However, one week after Clif’s letter appeared, KIND—partially owned by Mars Candy—did petition the FDA to review federal policies and regulations for nutrient content claims on food labels, and to address widespread misleading claims.

FDA’s labeling regs were established in 1990. KIND contends that, “This regulatory framework is now significantly outdated as a result of scientific progress in the nutrition space, because it does not reflect key principles of today’s evidence-based dietary guidance.”

In his 13-page petition, KIND’s executive vice-president and general counsel, Justin Mervis, argues that existing regulations are “demonstrably not effective in actually helping consumers make appropriate dietary choices, but instead allows the use of nutrient content claims that mislead consumers to believe that the products bearing such claims provide useful evidence-based dietary value, when they do not.”

In early April, one month after the Clif Bar invitation, KIND launched a consumer-focused website called Sweeteners Uncovered, that compares hidden sugar content in various “healthy” snack bars, cereals, granolas and yogurts. Clif’s chocolate chip bar comes out at the top of that list, with 31% sugar (21 g per 68 g bar). KIND’s comparable bar has only 13% sugar (5g per 40 g bar).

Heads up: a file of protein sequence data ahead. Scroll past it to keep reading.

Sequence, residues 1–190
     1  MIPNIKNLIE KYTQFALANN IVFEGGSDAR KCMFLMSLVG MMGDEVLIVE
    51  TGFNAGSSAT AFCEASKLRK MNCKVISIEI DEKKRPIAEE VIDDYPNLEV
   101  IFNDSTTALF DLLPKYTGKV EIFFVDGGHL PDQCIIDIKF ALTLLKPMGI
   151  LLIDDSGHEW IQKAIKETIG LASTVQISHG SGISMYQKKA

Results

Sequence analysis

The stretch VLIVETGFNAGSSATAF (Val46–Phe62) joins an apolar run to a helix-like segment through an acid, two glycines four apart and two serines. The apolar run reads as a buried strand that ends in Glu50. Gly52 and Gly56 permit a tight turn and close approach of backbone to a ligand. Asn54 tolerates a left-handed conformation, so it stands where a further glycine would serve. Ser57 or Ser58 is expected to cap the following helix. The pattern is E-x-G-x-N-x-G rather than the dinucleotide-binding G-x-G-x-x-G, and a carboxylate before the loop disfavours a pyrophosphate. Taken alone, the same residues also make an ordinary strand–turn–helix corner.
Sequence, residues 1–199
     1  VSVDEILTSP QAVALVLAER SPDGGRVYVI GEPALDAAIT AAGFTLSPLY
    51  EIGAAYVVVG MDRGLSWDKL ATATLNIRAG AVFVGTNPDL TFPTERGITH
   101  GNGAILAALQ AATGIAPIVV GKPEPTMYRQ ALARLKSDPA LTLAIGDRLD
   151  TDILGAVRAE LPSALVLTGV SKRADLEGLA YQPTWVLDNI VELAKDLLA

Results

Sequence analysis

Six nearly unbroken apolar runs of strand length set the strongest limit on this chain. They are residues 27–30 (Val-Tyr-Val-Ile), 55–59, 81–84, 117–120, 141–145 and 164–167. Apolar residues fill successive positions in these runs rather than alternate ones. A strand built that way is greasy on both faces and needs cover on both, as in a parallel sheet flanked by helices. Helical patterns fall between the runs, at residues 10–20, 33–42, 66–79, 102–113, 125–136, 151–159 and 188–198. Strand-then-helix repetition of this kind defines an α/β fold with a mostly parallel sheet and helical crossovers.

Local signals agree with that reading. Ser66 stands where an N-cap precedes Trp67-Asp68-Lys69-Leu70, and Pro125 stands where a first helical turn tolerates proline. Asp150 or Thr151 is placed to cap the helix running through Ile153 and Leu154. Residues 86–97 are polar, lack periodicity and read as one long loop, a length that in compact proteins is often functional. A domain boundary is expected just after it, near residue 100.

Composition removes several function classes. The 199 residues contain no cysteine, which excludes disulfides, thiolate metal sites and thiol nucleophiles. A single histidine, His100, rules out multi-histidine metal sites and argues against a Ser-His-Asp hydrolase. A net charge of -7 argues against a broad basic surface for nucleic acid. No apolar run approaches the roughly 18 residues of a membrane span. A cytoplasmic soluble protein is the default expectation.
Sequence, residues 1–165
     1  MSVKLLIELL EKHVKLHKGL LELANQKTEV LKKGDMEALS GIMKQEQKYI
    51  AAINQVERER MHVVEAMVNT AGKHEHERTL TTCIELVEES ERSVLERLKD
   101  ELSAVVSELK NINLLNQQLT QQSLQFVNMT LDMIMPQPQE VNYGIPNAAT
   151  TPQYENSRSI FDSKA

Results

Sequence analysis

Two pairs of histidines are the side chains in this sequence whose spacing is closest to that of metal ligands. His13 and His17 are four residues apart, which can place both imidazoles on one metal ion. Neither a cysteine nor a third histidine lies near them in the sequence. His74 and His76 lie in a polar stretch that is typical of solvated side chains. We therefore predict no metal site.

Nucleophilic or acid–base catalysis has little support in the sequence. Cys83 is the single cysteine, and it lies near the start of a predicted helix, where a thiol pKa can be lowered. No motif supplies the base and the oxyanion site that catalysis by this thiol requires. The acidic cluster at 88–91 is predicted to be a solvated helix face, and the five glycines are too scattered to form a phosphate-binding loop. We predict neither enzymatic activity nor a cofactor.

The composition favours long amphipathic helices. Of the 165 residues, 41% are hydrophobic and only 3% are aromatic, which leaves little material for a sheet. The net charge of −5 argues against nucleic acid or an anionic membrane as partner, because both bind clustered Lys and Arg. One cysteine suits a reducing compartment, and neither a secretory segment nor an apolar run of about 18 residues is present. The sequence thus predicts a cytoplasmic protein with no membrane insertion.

Under a provocative line stating “How do your favorite “healthy” snack bars stack up to a serving of your favorite treats?” the site implies that Clif’s chocolate chip bar is basically junk food, equivalent to a Little Debbie Oatmeal Creme Pie containing 32% sugar.

If Clif is intent on goading KIND into going organic, KIND seems equally determined to point out that Clif’s eco-virtues don’t absolve its high-glycemic sins. “Organic” is not necessarily synonymous with “healthy.”

The high-stakes brawl may well be a case of two massive consumer products brands vying for market share. Or it could be that they’re each on to something important.

Beneath the hype and healthier-than-thou posturing, there’s evidence that conscious consumers — health care professionals among them — are hard-pressed to identify just what defines a “healthy” food. Less sugar?  More transparency?  Purer sourcing?